Behavioral Therapy Effective in Juvenile Fibromyalgia

Cognitive-behavioral therapy superior to fibromyalgia education for reducing disability

TUESDAY, Nov. 22 (HealthDay News) -- Cognitive-behavioral therapy (CBT) is superior to fibromyalgia education (FE) for reducing functional disability in adolescents with juvenile fibromyalgia (JFM), according to a study published online Nov. 22 in Arthritis & Rheumatism.

Sushmita Kashikar-Zuck, Ph.D., from the Cincinnati Children's Hospital Medical Center, and colleagues investigated the safety and efficacy of a CBT intervention compared with a FE program, for reducing functional disability, pain, and depressive symptoms in 114 adolescents (aged 11 to 18 years) with JFM. Following stabilization with usual medical care for eight weeks, patients were randomly allocated to receive eight-weekly CBT or FE sessions, and two booster sessions. Outcome measures were assessed at baseline, immediately after the eight-week treatment phase, and at a six-month follow-up.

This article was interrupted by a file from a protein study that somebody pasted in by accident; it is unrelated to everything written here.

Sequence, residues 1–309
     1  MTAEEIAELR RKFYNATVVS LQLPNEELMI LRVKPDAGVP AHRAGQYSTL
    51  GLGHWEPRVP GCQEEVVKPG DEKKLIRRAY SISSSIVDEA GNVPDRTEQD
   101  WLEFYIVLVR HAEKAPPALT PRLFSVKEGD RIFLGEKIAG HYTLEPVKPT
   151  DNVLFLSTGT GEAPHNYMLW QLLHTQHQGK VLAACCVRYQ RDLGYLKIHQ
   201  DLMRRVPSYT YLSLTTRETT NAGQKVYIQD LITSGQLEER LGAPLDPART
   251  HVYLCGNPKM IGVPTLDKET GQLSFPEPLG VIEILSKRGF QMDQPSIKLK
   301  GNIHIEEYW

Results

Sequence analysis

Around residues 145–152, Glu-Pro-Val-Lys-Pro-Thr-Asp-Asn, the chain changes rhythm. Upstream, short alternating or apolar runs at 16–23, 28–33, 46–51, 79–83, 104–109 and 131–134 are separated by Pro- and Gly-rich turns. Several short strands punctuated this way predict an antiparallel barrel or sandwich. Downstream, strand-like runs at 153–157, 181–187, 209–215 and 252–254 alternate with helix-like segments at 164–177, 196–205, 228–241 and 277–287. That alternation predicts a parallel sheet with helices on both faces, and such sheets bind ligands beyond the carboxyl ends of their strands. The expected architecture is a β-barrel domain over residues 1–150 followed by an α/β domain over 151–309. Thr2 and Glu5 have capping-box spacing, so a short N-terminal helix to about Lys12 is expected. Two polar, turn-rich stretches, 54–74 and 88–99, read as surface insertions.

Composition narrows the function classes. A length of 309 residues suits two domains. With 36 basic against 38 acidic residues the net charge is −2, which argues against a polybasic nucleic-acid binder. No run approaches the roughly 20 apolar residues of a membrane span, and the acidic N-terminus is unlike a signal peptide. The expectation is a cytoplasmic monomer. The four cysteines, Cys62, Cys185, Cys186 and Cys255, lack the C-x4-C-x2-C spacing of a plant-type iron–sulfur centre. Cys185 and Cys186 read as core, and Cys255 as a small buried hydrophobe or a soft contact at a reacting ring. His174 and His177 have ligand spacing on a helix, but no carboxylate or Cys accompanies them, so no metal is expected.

The investigators found that 87.7 percent of participants completed the trial per protocol. In the intent-to-treat analyses, at the end of the study, patients from both groups had significantly reduced functional disability, pain, and depressive symptoms. However, CBT was significantly better than FE for reducing functional disability. Both groups had a clinically significant reduction in depressive symptoms, and by the end of the study, the mean scores were in the non-depressed range. Neither group attained a clinically significant reduction in pain (<30 percent reduction). No study-related adverse events occurred.

"In this controlled trial, CBT was found to be a safe and effective treatment for reducing functional disability and depressive symptoms in adolescents with JFM," the authors write.

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